That works out to about 44.7 percent of the 16-and-older population completely vaccinated and 58.4 percent with at least one shot, including 87 percent of those 65 and older.
The state’s vaccination efforts have been hampered the past few weeks by supply cuts, particularly of the Johnson & Johnson vaccine, which federal authorities paused earlier this month as they investigated the possibility of rare side effects associated with the shot.
The pace may pick up, after federal health officials lifted the pause on using the Johnson & Johnson vaccine. But the recent production breakdown that resulted in millions of J&J doses ruined is having an impact.
Officials also acknowledge the state must do more to connect unvaccinated people to shots.
The Health Department estimates about about 3.4 percent of Minnesotans who’ve received their first dose of a two-dose regimen are late for their second shot. Nationwide, about 8 percent of Americans have skipped out on their second dose, according to the Centers for Disease Control and Prevention.
Last week state health officials said that out of more than 1.2 million Minnesotans completely vaccinated with two weeks logged beyond the last dose, they’ve confirmed just a sliver, 1,163 cases, where a completely vaccinated person became infected with COVID-19.
Youth counts concerning
While the overall trends are solid, officials are increasingly concerned about the spread of COVID-19 in younger people. They’re urging more testing of middle and high school students and weekly testing for athletes, coaches, referees and other youth sports participants.
People in their 20s still make up the age bracket with the state’s largest number of confirmed cases — more than 106,000 since the pandemic began.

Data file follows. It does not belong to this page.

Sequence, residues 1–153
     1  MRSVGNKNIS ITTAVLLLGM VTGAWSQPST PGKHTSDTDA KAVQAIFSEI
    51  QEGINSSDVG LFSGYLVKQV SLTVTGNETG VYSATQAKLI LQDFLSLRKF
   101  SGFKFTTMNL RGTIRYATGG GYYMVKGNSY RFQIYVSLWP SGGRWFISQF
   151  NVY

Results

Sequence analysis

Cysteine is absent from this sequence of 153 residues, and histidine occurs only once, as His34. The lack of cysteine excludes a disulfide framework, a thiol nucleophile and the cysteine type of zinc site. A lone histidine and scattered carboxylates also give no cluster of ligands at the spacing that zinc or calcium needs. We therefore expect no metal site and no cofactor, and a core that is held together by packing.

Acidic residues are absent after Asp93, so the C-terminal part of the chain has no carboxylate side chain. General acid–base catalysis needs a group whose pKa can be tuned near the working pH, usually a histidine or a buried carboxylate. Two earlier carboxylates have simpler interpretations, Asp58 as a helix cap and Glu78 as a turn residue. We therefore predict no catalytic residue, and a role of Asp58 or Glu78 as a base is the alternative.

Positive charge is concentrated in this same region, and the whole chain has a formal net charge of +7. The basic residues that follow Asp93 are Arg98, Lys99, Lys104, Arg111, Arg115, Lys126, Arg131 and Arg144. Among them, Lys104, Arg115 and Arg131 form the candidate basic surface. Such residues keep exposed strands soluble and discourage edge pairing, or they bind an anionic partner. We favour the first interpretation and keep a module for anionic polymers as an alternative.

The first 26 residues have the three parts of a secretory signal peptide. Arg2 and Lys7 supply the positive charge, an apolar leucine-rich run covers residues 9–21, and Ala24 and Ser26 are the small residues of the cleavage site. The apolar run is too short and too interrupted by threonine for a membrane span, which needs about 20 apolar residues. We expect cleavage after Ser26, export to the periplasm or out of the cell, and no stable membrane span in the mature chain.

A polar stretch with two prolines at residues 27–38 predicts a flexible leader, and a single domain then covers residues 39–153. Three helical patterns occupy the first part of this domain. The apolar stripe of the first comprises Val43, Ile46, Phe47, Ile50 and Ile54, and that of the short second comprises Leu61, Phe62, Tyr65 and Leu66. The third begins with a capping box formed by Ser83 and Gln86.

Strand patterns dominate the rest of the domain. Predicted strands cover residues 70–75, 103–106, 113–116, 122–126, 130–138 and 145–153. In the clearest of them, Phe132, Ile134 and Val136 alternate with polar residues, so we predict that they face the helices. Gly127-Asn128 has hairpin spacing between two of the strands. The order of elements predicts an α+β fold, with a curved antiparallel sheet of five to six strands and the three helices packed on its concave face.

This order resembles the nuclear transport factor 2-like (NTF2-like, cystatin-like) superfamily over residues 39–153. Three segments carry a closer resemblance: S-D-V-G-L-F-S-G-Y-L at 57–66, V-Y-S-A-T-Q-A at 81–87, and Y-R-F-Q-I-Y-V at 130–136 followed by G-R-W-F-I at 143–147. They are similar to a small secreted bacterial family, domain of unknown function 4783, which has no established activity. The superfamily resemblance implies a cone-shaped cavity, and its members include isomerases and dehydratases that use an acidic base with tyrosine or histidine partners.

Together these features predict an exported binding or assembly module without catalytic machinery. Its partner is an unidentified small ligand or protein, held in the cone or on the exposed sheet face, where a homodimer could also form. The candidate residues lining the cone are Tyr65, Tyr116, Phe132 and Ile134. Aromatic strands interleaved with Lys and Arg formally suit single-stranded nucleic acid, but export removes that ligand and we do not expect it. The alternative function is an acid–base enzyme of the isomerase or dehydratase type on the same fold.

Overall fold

The number of high school-age youth confirmed with the disease has also grown, with more than 47,000 15-to-19-year-olds known to be infected during the pandemic.
Although young people are less likely to feel the worst effects of the disease and end up hospitalized, experts worry they will spread it unknowingly to older relatives and members of other vulnerable populations. Those with the COVID-19 virus can spread it when they don’t have symptoms.
People attending proms, graduations and other youth oriented events are a special concern now for health officials.
The work by schools and districts to build safeguards into those events “can be completely undermined if students and parents don’t do their part, as well,” Kris Ehresmann, the state’s infectious disease director, told reporters Thursday.
South-central Minnesota update
• Freeborn County: eight new lab-confirmed cases, three probable cases; 3,381 total cases; 12,577 people with at least one COVID-19 vaccine dose, 10,440 with completed series
• Faribault County: one new lab-confirmed case; 1,488 total cases; 5,585 people with at least one vaccine dose, 4,827 with completed series
• Mower County: four new lab-confirmed cases; 4,586 total cases; 17,617 people with at least one vaccine dose, 15,056 with completed series
• Steele County: two new lab-confirmed cases, one probable case; 3,778 total cases; 15,399 people with at least one vaccine dose, 11,804 with completed series
• Waseca County: one new lab-confirmed case; 2,347 total cases; 7,411 people with at least one vaccine dose, 5,834 with completed series